Thanks!

Wetitpig0 (talk) 10:44, 12 August 2016 (UTC)

If there's a work that we want to host, and it is clearly a free work, then we can host it here regardless of where you copy it from, though the usual method of transcluding scans of free books is hugely preferred to copy-pasting from other websites that don't list their sources. If you are unsure of the copyright status, post it at WS:Copyright discussions and the community can evaluate it on a case-by-case basis. —Beleg Tâl (talk) 13:04, 12 August 2016 (UTC)
i have never seen someone sued under this fact pattern, but i have seen DMCA takedowns of FoP German sculptures, so i would say that is a higher probability. if the secondary source says something, you should be able to make a determination at LOC copyright for orphan works, or translated works. we have outsourced the copyright paranoia to commons. Slowking4RAN's revenge 20:33, 13 August 2016 (UTC)
@Slowking4:, perhaps we should "outsource..." as you suggest, but we haven't done so. I'll leave your characterization aside, because I get what you're saying. If we want to address this issue, we should simply establish a clear policy on what kinds of things we permit under fair use, and what we don't. There is a clear framework for doing so: meta:Licensing_policy_FAQ_draft#Unfree_content_not_under_an_.27exemption_doctrine_policy.27
As it is, though, we host copyrighted material on English Wikisource, in clear violation of Wikimedia Foundation policy. -Pete (talk) 20:57, 13 August 2016 (UTC)
The onus is on us to be sure that everything we host at enWS is copyright-free—whether that be because the copyright has expired or because the work was published without copyright. We should not depend on other (non-MediaWiki) sites to have done the work for us. They get it wrong often enough for us to be cautious. @Peteforsyth:, please either point us to the copyrighted material we are hosting or post at WS:COPYVIO so that we can deal with it. Anything that is in clear violation will be removed immediately. If it is unclear we can look at it and discuss. Beeswaxcandle (talk) 00:12, 14 August 2016 (UTC)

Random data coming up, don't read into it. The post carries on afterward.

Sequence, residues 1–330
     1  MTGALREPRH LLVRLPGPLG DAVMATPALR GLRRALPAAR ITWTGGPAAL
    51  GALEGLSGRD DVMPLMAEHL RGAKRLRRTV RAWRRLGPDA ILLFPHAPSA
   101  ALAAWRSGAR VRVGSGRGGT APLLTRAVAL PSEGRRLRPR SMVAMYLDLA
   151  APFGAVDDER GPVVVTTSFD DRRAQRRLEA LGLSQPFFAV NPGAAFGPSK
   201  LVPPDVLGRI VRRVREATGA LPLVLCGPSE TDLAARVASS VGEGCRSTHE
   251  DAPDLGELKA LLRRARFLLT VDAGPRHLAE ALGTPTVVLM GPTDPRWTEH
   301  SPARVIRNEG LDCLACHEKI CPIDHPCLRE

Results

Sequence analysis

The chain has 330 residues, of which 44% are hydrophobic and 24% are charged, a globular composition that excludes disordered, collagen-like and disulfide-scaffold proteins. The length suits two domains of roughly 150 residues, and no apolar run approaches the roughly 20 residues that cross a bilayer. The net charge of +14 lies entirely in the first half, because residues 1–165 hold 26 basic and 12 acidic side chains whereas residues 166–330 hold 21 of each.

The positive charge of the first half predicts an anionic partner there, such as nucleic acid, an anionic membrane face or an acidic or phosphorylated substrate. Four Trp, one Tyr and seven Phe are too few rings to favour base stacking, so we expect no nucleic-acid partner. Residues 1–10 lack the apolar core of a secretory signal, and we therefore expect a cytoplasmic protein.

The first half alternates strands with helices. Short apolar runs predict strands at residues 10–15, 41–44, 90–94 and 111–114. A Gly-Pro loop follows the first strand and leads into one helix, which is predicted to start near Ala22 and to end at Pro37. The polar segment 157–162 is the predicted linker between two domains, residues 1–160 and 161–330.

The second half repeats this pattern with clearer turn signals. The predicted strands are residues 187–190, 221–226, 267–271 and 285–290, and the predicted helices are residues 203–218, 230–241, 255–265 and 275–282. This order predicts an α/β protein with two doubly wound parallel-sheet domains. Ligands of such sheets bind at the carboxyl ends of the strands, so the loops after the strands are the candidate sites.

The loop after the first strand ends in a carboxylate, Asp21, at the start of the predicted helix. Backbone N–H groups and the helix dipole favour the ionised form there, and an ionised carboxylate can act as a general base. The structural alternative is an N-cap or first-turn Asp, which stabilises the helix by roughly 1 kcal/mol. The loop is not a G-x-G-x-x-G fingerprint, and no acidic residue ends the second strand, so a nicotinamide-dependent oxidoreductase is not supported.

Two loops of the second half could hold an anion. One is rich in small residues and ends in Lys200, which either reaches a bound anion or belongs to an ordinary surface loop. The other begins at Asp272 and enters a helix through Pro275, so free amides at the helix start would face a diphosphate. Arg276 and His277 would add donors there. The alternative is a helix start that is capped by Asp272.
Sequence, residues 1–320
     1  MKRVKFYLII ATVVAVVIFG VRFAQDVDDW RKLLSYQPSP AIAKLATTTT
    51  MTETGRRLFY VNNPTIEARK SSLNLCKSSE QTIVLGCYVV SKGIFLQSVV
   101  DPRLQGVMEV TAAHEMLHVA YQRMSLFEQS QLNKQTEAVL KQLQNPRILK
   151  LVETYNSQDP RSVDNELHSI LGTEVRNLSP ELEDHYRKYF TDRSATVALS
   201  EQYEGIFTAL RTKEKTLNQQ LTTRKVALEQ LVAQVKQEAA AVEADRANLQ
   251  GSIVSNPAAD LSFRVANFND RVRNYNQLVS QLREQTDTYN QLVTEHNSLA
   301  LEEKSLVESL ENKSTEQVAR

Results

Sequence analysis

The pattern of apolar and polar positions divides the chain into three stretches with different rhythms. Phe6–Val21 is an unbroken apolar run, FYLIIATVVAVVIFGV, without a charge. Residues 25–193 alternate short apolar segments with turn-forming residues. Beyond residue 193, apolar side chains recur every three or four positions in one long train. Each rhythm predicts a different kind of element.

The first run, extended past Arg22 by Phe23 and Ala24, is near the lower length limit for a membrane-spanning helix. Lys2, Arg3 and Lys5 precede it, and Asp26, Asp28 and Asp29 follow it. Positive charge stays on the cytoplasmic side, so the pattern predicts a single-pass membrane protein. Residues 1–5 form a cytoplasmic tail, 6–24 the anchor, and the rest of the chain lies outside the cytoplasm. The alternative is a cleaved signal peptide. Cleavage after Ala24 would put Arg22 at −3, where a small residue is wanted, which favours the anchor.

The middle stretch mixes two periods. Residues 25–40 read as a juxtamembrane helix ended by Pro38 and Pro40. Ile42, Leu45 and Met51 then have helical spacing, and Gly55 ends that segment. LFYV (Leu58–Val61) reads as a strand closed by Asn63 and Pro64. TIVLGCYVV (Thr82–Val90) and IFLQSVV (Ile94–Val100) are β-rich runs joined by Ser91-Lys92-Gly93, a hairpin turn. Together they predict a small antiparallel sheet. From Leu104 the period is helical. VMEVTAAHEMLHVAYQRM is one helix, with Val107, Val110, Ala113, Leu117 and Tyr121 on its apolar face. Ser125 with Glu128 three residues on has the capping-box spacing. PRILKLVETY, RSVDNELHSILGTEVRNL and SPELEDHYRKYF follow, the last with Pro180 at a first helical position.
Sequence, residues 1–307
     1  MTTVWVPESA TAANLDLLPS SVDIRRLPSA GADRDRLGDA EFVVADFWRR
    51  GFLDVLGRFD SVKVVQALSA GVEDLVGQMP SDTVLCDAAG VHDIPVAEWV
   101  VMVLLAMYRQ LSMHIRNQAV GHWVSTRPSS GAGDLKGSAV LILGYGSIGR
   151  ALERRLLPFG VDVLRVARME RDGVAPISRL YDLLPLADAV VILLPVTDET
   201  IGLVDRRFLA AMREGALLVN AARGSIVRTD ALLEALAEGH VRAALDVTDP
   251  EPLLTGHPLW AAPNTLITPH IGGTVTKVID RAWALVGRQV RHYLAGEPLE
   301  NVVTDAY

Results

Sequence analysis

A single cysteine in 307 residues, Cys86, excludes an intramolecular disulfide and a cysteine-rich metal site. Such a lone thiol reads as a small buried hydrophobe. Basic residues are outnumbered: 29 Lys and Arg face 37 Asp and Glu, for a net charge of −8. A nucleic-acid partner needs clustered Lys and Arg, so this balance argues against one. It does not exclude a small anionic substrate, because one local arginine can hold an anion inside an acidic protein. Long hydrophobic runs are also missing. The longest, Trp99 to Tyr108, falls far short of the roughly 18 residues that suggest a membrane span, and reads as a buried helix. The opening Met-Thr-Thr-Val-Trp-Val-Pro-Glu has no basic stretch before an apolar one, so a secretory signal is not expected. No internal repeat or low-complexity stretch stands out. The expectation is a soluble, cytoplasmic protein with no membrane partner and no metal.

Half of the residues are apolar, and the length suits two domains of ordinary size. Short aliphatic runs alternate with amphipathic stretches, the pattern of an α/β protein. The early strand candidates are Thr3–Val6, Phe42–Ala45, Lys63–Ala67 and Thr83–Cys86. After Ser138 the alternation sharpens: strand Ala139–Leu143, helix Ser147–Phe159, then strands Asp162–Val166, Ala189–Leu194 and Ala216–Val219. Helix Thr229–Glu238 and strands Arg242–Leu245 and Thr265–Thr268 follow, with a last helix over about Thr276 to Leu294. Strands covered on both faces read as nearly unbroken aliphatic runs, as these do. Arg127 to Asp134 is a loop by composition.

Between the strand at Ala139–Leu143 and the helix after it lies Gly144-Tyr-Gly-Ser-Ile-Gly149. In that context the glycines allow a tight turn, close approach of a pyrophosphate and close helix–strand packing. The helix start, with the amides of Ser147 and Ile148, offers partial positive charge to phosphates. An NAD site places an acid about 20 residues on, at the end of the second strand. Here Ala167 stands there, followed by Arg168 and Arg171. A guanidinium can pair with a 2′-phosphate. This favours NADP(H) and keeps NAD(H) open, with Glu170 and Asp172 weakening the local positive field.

@Beeswaxcandle:, my mistake -- and I regret making a claim that's both inaccurate and provocative. I misremembered the outcome of some books I have transcribed, including one with a few pages like this one: Page:A Basic Guide to Open Educational Resources.pdf/78 I am of the opinion that we should fully host works like this, which are freely licensed on the whole, but which contain a few non-free images (ironically, in this case, to illustrate the difference between free licensing and copyright in an effort to advocate free licensing). But that would require establishing an Exemption Doctrine Policy for English Wikisource, as linked above. -Pete (talk) 00:44, 14 August 2016 (UTC)
you are changing the subject. the new editor, was struggling with the mein kampf translation copyright, but your case of commons image deletions, proves my point. if you want to make a WS edp, go for it. Slowking4RAN's revenge 11:44, 14 August 2016 (UTC)
Sure. I misunderstood one thing, and misremembered another. I will gladly concede that I have added nothing of value to this particular thread! -Pete (talk) 01:32, 15 August 2016 (UTC)
oh no, if we get fair use on WS that will be valuable. the risk of suits is so small only a commons admin could calculate it, and the usefulness of images outweighs the downstream reuse restrictions. (and Gutenberg australia has jumped the gun on the english translation of mein kampf, when the translator died in 1946, see you on January 1). Slowking4RAN's revenge 02:33, 15 August 2016 (UTC)
For what it's worth, here's a handy link to my previous suggestion of an EDP: Wikisource:Scriptorium/Archives/2014-05#Dealing_with_non-free_images_in_transcriptions_of_freely_licensed_works -Pete (talk) 02:58, 15 August 2016 (UTC)
and i still support as much fair use as the community will allow. but i didn’t see much interest. Slowking4RAN's revenge 03:02, 18 August 2016 (UTC)